Educational Focus: Students identify ternary form in the second movement of Jacques Hétu’s Concerto pour flûte. They discuss the effect of familiarity in this form and display their knowledge through identifying this form in their lives.

Materials
Audio assets: Excerpts I and II from Concerto pour flûte by Jacques Hétu
Flash asset: Flute, Movement II from the score of Concerto pour flûte by Jacques Hétu (on overhead)
Text asset: Ternary Terms

Lesson Map

I. Score Study
• Using an overhead, show the flash asset: Flute, Movement II from the score of Concerto pour flûte by Jacques Hétu.
• Focus on the beginning of the flute melody.
• Ask: Can you see this same melody appear anywhere else in the s Read More
Educational Focus: Students identify ternary form in the second movement of Jacques Hétu’s Concerto pour flûte. They discuss the effect of familiarity in this form and display their knowledge through identifying this form in their lives.

Materials
Audio assets: Excerpts I and II from Concerto pour flûte by Jacques Hétu
Flash asset: Flute, Movement II from the score of Concerto pour flûte by Jacques Hétu (on overhead)
Text asset: Ternary Terms

Lesson Map

I. Score Study
• Using an overhead, show the flash asset: Flute, Movement II from the score of Concerto pour flûte by Jacques Hétu.
• Focus on the beginning of the flute melody.
• Ask: Can you see this same melody appear anywhere else in the score? (measure 62)
• Tell students: This movement is an example of ternary form, which is a three section composition in which the third section is a repeat or mirror of the first section (A-B-A). By identifying similar material in the flute part we can see the form before hearing it.

II. Listen and Follow
• Listen to audio asset Excerpt I from Concerto pour flûte by Jacques Hétu. Focus on the flute solo.
• Now listen audio asset Excerpt II from Concerto pour flûte. Follow the music in your score. It begins at measure 33.
• Ask: What effect does hearing the return of that flute material have? (a familiarity, like coming home after a journey)
• Ask: Does measure 50 also sound like a return to the A section? Why might it? (melodic material, falling three sixteenths after downbeat, orchestra passage that separates or transition from the middle, B, section)

III. Compare
• Listen to the two A sections again (Excerpts I and Excerpt II, the A section returns at 1:58).
• Ask: Are the two A sections the same? How are they different? (in the first excerpt the flute is accompanied by muted trumpet, in the second by woodwinds, and they have different endings)
• Ask: What is a part of our life that has a beginning, a middle that is different, then a return to the beginning with slight changes? (Everyday at school? Return to home, but changed from the days exploration)

© 2010, National Arts Centre. All Rights Reserved.

An excerpt from Concerto pour flûte by Jacques Hétu (5:24-6:50).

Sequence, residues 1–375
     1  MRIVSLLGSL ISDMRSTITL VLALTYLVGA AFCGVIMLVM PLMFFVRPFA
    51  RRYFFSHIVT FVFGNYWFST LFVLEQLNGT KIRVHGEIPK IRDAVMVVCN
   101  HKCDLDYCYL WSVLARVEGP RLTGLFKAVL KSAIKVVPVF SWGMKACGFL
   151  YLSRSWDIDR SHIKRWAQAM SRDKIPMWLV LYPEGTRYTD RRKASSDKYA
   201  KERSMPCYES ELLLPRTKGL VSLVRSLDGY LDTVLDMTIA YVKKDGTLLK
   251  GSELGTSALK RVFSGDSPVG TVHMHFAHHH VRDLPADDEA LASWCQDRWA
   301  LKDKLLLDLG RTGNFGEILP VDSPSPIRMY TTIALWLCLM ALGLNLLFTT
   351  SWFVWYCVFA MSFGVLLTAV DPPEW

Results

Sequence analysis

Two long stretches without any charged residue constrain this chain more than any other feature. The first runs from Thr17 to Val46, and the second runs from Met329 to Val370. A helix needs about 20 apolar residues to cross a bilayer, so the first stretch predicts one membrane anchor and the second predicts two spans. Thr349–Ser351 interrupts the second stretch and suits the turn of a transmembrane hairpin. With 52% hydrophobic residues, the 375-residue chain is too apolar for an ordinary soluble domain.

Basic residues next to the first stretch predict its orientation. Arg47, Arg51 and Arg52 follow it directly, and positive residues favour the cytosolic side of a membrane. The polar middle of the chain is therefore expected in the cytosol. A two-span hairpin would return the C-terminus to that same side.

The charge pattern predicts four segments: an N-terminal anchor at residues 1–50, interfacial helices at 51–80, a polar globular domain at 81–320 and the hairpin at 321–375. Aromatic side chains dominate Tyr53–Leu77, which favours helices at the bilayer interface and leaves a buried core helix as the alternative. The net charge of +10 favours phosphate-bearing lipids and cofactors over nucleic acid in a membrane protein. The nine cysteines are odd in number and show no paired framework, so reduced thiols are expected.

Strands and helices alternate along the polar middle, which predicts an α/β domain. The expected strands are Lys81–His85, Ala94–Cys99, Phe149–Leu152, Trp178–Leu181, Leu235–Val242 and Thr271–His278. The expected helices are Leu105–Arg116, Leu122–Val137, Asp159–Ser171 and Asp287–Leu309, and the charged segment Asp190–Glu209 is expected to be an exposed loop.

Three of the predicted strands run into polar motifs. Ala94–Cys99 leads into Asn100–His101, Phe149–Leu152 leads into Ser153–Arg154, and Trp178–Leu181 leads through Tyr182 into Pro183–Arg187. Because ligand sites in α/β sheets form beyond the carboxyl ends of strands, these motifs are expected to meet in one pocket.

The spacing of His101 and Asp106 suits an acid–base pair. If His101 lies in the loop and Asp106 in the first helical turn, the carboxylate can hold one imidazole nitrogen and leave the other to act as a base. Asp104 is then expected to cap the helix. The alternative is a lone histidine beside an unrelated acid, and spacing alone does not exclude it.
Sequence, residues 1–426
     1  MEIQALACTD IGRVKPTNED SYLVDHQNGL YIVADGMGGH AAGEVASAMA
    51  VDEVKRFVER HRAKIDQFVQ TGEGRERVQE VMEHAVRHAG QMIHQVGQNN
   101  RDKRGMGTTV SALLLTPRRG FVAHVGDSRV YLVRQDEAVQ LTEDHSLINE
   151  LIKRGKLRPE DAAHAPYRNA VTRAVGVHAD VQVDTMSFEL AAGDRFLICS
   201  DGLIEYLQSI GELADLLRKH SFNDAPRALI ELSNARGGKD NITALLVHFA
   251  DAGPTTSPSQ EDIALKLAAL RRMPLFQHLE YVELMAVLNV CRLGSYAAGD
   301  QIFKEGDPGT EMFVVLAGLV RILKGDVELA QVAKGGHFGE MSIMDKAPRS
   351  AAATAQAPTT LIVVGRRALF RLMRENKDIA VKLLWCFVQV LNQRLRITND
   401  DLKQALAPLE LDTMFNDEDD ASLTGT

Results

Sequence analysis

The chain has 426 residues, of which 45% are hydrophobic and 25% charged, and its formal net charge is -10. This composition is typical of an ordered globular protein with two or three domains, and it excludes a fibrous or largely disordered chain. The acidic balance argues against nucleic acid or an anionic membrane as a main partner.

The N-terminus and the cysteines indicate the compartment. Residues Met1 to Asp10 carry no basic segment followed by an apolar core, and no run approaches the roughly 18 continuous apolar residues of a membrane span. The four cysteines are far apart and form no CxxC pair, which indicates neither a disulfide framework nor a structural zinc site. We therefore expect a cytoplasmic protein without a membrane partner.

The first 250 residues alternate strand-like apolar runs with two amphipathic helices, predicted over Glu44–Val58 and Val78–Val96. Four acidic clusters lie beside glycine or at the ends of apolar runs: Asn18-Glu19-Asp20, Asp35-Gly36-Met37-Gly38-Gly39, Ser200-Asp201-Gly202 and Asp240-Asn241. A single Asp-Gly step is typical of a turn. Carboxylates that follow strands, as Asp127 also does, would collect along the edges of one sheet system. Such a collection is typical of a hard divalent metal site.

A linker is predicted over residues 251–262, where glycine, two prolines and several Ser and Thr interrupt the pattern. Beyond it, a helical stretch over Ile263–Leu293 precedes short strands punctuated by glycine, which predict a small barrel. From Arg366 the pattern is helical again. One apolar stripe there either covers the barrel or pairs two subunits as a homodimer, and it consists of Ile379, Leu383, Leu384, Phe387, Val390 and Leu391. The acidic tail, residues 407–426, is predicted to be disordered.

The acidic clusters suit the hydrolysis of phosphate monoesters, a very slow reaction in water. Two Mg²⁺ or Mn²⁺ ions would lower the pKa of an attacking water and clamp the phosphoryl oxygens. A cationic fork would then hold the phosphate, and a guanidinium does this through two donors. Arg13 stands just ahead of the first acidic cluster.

Jacques Hétu

© 1991, Jacques Hétu.


An excerpt from Concerto pour flûte by Jacques Hétu (8:02-10:38).

Jacques Hétu

© 1991, Jacques Hétu.


Flute, Movement II from the score of Concerto pour flûte by Jacques Hétu

Flute, Movement II from the score of Concerto pour flûte by Jacques Hétu

Jacques Hétu
Canadian Music Centre

© 1991, Jacques Hétu


Although ’sonata form’ is often referred to as a ternary structure, it is not really so because its two sections are intertwined. For a true ternary structure there must be three separate sections and often in music the third is the repeat or mirror image of the first. A close parallel is the triptyque in visual art. In fact Mercure wrote a wonderful symphonic work called Triptyque in which the final movement is the exact reverse of the first.

The Minuet and Trio structure overall is actually a ternary structure when one lays it our as it is heard in performance.


- - - - - :// * * * * * :// ^ ^ ^ ^ ^ :// ====== :// - - - - - // * * * * * //

A                           B                            A

This type of structure continues to show up in musical compositions, often of course with the final A being varied and m Read More
Although ’sonata form’ is often referred to as a ternary structure, it is not really so because its two sections are intertwined. For a true ternary structure there must be three separate sections and often in music the third is the repeat or mirror image of the first. A close parallel is the triptyque in visual art. In fact Mercure wrote a wonderful symphonic work called Triptyque in which the final movement is the exact reverse of the first.

The Minuet and Trio structure overall is actually a ternary structure when one lays it our as it is heard in performance.


- - - - - :// * * * * * :// ^ ^ ^ ^ ^ :// ====== :// - - - - - // * * * * * //

A                           B                            A

This type of structure continues to show up in musical compositions, often of course with the final A being varied and modified.

© 2010, National Arts Centre. All Rights Reserved.

Learning Objectives

"Musical Structures" is designed for students and educators to meet the following objectives:
  • identify traditional musical structures in music by contemporary Canadian composers
  • explore the fit between traditional structures and non-traditional composition

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